Cameroon authorities have further eased coronavirus lockdown restrictions by opening schools and other training centers suspended since March 17 to curb the spread of the virus, the country’s prime minister has said.
”The resumption of classes, in all levels of education, as well as in professional schools and vocational training centers, will effectively take place on Monday, 1 June 2020, throughout the national territory,” Joseph Dion Ngute said late Friday.
He said the decision was made after a Cabinet meeting on Thursday dedicated to the review of the government’s strategy against COVID-19.
Dion Ngute also said nursery schools and intermediate classes in primary and secondary schools are not concerned by the resumption of classes on June 1.
”I urge all ministers in charge of education to maintain dialogue with the entire educational community, parent-teachers’ associations and the Teacher’s Union, for the success of the activities being undertaken,” he said.
The Central African country has so far confirmed 5,436 coronavirus cases, with 175, and 1,996 recoveries, according to the Africa Centers for Disease Control and Prevention.
Several African countries have decided to ease lockdown restrictions by June 1, and open schools and places of warship.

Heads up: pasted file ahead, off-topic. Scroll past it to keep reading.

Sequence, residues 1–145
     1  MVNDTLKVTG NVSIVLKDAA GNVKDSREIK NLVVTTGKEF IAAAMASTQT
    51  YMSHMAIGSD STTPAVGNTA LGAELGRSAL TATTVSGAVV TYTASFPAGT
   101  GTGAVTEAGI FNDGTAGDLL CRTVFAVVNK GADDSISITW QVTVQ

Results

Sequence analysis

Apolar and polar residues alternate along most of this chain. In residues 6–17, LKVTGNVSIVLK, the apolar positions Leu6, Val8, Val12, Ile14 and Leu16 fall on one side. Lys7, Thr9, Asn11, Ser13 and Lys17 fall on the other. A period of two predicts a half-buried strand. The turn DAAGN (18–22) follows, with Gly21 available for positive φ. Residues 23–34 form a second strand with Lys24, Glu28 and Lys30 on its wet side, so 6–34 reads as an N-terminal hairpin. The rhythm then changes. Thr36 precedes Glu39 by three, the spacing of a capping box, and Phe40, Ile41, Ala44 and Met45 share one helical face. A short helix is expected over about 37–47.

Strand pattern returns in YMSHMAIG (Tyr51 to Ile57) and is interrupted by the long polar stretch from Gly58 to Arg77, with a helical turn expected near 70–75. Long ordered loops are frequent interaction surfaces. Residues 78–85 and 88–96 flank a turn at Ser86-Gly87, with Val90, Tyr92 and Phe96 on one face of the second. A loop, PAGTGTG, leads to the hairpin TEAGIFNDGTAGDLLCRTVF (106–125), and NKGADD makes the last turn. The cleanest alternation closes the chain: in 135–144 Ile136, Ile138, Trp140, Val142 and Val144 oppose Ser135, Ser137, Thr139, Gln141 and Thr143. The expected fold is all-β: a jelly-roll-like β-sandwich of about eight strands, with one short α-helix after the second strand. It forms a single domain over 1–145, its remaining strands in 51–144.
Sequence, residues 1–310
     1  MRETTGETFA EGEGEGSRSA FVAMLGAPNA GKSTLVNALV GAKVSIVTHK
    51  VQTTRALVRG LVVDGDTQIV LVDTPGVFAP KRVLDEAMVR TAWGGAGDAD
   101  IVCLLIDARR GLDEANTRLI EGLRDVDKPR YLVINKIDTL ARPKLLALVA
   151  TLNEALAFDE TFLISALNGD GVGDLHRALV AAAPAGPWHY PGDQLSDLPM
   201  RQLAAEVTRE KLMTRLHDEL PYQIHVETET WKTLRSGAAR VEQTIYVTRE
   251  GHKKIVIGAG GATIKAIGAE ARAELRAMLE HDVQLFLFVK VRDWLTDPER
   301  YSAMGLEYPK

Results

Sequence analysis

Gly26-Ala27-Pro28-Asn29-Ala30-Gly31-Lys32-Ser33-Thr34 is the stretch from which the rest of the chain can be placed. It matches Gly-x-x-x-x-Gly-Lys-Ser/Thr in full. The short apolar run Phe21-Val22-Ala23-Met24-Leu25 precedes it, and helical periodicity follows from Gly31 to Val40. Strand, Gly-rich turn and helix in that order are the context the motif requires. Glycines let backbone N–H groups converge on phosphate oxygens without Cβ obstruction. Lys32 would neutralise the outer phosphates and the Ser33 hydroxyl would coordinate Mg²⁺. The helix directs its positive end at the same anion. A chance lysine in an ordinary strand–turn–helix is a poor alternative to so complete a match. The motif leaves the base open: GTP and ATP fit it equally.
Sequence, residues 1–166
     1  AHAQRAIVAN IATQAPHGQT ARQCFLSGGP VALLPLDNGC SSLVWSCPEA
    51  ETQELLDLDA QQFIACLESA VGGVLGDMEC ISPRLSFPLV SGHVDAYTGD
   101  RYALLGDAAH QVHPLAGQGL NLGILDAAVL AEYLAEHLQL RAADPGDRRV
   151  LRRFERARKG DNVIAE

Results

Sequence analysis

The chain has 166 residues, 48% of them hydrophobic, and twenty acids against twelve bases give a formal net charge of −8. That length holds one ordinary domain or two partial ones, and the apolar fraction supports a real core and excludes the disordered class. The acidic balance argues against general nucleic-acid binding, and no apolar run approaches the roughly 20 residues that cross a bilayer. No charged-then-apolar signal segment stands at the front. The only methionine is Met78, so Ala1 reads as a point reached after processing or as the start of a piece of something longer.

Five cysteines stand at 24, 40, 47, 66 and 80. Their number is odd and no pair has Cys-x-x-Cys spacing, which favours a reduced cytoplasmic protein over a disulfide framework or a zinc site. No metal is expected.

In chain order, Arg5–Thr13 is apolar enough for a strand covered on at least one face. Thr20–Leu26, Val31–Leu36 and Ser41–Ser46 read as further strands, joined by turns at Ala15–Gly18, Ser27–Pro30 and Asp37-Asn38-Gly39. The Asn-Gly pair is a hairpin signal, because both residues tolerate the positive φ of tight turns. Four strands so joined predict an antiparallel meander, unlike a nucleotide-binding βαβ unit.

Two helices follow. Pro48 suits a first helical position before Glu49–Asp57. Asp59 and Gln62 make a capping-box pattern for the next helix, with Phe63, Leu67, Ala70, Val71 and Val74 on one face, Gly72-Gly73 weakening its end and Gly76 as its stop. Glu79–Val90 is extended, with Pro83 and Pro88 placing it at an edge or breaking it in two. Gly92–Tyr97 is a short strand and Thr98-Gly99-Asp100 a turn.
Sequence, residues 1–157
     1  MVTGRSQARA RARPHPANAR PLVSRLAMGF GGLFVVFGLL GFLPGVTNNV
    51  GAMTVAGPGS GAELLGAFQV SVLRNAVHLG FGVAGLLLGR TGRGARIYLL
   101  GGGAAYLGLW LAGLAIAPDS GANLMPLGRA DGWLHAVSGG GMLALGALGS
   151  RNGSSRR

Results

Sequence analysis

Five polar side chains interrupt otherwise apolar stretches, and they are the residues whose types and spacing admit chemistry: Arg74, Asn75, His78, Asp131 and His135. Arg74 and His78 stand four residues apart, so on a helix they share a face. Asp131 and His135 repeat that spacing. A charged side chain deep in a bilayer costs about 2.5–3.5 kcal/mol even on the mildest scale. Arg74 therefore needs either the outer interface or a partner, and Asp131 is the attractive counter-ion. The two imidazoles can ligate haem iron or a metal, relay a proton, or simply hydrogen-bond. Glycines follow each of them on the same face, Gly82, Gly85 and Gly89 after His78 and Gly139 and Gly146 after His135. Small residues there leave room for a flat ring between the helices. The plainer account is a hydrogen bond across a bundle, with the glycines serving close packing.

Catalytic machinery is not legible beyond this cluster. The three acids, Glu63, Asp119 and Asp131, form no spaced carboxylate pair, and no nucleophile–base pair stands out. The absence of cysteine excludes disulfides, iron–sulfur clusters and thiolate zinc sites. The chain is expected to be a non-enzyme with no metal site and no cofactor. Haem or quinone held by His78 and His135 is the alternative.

But the World Health Organization (WHO) has called for caution as countries in Africa ease lockdowns.
”We must all remain vigilant. As more countries begin to ease confinement measures, it is vital that effective testing and surveillance systems are in place to detect any spike in cases,” Matshidiso Moeti, the WHO Regional Director for Africa, said at a press briefing on Thursday.
”Ending a lockdown is not an event, but a process, and it’s important to have a clear view of local conditions so informed decisions can be made about how to relax these measures.”
The pandemic has claimed nearly 365,000 lives in 188 countries and regions since originating in China last December. The US and Europe are currently the world’s worst-hit regions.
More than 5.93 million cases have been reported worldwide, while over 2.49 million people have recovered so far, according to figures compiled by the US’ Johns Hopkins University.
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